Let’s change the subject and talk about code.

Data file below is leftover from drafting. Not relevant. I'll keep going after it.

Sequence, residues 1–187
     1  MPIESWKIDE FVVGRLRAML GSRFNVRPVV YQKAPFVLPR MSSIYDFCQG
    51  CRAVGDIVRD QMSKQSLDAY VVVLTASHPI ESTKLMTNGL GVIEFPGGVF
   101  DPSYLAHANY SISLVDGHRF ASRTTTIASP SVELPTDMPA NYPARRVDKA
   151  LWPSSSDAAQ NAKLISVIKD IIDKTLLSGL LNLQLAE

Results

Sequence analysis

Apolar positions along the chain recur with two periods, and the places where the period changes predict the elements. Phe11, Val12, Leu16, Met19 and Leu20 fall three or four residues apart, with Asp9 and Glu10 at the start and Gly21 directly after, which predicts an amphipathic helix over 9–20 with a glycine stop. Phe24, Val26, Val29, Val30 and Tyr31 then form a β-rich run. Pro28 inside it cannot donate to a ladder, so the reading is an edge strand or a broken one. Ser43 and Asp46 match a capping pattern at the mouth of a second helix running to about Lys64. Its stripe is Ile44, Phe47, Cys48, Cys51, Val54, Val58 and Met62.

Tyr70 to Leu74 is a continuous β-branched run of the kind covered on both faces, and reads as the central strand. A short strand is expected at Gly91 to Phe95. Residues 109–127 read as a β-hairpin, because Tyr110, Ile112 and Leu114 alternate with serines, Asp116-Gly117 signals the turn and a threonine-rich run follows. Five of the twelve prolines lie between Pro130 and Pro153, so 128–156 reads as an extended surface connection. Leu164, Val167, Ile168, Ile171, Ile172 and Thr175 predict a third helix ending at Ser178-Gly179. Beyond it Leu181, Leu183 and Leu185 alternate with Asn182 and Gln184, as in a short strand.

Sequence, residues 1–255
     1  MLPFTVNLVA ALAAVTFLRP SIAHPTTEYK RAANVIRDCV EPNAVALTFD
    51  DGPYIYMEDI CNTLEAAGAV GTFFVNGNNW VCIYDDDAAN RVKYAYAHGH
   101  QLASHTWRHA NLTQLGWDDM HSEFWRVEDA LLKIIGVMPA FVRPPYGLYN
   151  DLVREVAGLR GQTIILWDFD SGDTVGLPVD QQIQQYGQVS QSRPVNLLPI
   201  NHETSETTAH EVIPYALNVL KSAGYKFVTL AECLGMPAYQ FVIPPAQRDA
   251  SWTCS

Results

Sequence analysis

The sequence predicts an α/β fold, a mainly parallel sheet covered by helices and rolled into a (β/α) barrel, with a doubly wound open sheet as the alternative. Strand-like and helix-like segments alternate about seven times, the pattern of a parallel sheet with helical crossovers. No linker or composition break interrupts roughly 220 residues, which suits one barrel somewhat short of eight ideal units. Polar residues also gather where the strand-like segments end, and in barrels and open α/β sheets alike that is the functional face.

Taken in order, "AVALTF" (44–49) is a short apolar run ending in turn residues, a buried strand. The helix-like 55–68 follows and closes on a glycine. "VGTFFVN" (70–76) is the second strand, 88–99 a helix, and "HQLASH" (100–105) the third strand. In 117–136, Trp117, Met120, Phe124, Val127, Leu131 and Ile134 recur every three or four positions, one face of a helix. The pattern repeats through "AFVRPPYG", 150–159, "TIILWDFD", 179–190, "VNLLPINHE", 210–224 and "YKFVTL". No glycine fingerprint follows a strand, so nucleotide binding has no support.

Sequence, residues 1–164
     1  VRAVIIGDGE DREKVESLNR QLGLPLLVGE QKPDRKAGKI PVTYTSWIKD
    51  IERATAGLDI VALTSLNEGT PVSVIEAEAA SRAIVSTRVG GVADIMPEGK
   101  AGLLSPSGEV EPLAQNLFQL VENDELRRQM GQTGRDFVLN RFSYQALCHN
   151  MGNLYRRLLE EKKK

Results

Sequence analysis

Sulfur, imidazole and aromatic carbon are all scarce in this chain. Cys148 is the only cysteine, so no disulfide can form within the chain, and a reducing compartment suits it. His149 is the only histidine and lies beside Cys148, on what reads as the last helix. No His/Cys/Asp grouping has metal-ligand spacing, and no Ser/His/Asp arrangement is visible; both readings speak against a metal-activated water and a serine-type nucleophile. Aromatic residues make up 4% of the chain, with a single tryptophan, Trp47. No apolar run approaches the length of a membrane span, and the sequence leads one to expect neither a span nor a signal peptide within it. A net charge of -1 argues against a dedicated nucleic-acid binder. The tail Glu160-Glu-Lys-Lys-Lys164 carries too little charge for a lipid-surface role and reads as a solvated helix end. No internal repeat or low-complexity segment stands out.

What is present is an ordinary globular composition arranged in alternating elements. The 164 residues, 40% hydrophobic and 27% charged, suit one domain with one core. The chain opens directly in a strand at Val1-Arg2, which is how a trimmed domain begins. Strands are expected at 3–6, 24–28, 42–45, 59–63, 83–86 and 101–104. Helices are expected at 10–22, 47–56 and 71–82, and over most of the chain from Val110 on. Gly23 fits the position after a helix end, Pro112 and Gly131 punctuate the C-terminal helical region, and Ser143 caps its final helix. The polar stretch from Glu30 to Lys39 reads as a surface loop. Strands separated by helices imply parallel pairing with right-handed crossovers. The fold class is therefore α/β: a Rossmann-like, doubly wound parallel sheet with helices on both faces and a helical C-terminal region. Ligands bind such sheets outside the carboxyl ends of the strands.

The author cites an industry preference for code as yet another way design is being devalued and threatened. He struggles through what the priority between design and code should be — whether it should be expressed as Design -> Code, or Code -> Design, as if sequence determines value. And while I agree that this struggle is playing out in design and production team workflows everywhere — everyone earnestly trying to get good things made quicker — I think it’s, again, the result of economic forces, not some vast, right-wing conspiracy against design or designers. Like flat design, this phenomenon has more to do, I think, with entrenchment in particular computing ecosystems, and the resulting commoditization of design work through things like frameworks and icon sets. These things exist to ensure stability and increase efficiency, but they rest upon a commitment to other things — a commitment that feels more and more like bedrock (and almost disappears) as more and more people make it. So, at the surface, you’ve got something like Ruby, which makes development lightning fast, but sits on a commitment to MySQL, which is committed to Apache, which is committed to Linux, which is committed to C. And mostly, nobody needs to care about that. But, commitment hierarchies like that aren’t really set in stone. As the usefulness of the outer layers — the frameworks that abstract design and development in exchange for speed and ease — ebbs and flows, so do the fortunes of companies who make software and hardware with their own commitment hierarchies. So long as the next piece of popular hardware is theirs, a company can maintain commitments to computing ecosystems, which of course makes it impossible for designers and developers to do anything other than make the same commitments. If designers really want to take some power back, they’d worry less about the mounting pressure of programming and think more about how the next big piece of hardware might come from someone other than the big four, and how any code-first dogma would collapse as entirely new commitment hierarchies are built.